How to wrap your baby
Many newborns enjoy the security of being wrapped to sleep which also minimises them startling in sleep which can disturb them. It is important for you and your baby communicate with each to make sure baby’s tummy stays happy. Avoid tightly wrapping your baby as it restricts your baby’s arm and leg movements as well as their ability to move their hand to mouth. Instead, wrap your baby in a light muslin wrap to avoid missing any hunger cues.
Settling your baby
Patting or rocking your baby in their cot or crib may help them settle and drift into sleep. Some mothers will cradle or rock their baby until they are sleepy then put them into their bed using patting or rocking to complete the cycle. Many babies enjoy some background noise as life in-utero is quite noisy.
Soft music or commercial white noise soundtracks can be helpful. For the stubborn little settler, using a warm bath and gentle massage before sleep may help them relax enough to let sleep take over. It’s important to be aware of when to massage your baby, aiming for a window of opportunity when they are alert but calm, rather than exhibiting any tired signs.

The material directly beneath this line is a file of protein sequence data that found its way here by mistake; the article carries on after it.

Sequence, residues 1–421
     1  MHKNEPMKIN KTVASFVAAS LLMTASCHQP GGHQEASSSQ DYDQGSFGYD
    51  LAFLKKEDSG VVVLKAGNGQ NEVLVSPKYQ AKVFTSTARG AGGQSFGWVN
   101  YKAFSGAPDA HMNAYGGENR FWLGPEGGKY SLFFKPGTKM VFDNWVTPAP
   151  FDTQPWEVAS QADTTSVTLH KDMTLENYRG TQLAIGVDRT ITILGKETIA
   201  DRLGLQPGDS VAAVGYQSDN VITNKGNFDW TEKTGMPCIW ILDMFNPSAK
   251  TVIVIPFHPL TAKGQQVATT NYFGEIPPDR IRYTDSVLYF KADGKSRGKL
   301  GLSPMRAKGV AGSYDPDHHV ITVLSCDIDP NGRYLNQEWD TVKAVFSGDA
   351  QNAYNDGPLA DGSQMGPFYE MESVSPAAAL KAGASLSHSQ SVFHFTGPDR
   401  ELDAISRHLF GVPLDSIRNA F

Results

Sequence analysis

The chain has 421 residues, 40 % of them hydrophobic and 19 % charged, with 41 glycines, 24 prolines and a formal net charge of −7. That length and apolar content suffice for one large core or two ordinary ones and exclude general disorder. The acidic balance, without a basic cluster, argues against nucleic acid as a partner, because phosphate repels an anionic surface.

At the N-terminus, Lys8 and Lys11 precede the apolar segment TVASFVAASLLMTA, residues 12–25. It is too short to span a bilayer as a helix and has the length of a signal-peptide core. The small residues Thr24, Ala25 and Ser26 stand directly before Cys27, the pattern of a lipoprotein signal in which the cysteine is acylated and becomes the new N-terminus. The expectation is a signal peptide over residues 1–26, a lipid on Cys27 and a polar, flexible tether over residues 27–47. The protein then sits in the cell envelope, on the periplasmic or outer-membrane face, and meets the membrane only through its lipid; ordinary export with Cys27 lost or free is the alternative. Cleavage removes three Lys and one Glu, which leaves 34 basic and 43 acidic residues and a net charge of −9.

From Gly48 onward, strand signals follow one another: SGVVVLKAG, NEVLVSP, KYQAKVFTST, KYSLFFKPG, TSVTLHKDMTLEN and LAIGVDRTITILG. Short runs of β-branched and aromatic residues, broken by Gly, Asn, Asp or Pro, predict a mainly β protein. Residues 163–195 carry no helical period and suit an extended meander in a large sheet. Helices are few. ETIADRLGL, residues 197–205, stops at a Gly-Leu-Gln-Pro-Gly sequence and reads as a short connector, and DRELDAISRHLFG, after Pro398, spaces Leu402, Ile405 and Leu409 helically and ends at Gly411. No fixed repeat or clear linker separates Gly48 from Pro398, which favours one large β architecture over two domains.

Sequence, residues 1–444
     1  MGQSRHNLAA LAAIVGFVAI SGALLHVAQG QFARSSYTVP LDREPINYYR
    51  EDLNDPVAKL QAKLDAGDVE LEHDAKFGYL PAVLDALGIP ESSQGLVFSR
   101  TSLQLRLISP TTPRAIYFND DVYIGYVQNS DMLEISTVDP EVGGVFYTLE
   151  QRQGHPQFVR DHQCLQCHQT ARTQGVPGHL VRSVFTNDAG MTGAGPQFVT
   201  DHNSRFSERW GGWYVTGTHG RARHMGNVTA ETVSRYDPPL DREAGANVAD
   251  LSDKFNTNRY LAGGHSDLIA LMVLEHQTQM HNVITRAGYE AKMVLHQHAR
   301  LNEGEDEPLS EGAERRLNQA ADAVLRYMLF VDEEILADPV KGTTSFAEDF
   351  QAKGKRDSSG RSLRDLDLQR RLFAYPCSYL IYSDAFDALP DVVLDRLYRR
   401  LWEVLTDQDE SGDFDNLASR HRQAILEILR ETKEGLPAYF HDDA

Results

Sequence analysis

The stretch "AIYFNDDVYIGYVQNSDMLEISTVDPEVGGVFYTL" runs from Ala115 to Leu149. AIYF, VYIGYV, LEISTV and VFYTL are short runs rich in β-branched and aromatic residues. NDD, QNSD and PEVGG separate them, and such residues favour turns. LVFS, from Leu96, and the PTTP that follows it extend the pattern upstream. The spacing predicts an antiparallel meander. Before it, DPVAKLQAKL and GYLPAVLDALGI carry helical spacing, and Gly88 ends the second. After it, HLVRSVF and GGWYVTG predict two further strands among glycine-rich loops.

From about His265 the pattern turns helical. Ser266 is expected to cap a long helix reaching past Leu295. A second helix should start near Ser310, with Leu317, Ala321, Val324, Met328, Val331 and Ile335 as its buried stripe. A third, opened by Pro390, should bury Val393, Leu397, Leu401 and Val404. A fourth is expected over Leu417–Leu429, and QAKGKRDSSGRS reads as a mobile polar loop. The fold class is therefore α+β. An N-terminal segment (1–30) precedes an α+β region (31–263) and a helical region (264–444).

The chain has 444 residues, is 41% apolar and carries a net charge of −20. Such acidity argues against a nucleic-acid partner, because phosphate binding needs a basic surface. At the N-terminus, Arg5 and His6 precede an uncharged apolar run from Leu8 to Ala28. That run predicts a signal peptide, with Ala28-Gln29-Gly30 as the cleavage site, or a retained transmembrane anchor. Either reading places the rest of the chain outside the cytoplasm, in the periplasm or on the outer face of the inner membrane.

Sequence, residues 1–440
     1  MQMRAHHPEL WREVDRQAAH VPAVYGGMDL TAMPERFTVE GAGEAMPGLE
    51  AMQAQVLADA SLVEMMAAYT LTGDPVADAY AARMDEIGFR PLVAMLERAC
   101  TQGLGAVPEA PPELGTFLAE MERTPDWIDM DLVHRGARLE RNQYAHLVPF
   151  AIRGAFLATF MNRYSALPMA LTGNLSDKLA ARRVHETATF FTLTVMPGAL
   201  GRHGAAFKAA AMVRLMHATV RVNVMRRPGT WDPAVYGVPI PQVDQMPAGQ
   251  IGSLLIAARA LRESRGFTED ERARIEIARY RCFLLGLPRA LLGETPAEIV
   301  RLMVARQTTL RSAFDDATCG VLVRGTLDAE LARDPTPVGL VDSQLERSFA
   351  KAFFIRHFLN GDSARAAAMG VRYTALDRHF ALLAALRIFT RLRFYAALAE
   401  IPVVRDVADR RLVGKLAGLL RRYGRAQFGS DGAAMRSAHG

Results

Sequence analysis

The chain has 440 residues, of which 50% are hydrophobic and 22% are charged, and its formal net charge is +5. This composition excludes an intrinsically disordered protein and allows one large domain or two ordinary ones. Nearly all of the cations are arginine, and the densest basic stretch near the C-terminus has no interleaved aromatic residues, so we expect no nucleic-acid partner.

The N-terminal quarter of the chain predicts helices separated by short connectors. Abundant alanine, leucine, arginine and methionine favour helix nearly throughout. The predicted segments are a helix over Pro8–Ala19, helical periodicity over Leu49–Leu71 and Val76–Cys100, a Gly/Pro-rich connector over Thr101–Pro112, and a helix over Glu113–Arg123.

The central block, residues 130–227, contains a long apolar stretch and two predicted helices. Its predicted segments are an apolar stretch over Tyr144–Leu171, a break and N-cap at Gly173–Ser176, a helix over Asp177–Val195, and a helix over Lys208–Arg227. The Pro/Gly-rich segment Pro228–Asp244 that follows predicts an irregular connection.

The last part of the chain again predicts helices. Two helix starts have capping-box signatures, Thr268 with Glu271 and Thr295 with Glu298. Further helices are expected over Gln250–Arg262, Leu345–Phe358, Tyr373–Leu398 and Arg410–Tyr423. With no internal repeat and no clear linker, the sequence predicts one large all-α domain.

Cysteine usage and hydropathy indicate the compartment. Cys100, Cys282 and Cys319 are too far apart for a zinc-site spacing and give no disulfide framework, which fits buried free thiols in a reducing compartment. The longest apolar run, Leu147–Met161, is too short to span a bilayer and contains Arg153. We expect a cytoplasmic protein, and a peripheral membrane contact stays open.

Sleeping your baby
Babies, like us have sleep rhythms made up of active and quiet sleep cycles. Active sleep is a sleep phase which involves head and muscle movements, similar to rapid eye movement (REM) in adults. Quiet sleep is a sleep stage in which the muscles are relaxed. Limbs are still, and breathing is deep and regular. Babies cycle in and out of quiet sleep, and are less likely to wake during this stage.
In the early months of life, baby sleep tends to be 50 per cent active sleep and 50 per cent quiet sleep, often waking after phases of active sleep.
At around three months, the amount of active sleep decreases. Babies also begin to enter quiet sleep at the beginning of their sleep cycles. At this age, the sleep cycle for babies consists of alternating active and quiet sleep periods of 20 to 50 minutes each (compared with 90-minute sleep cycles for adults).
By six months, a baby’s sleep patterns are closer to those of a grown-up – which means less waking at night.
By eight months, 60 to 70 per cent of babies are able to self-soothe themselves back to sleep without a parent’s help. Others will continue to wake if they need help to settle back to sleep, or if their parents are continuing to feed them through the night.
Most new parents claim they’ve forgotten what it feels like to have an uninterrupted sleep during the first few months after birth. There are so many questions new parents have about when their babies should be sleeping, for how long and what to do if they just won’t go down! Here are some of those answers: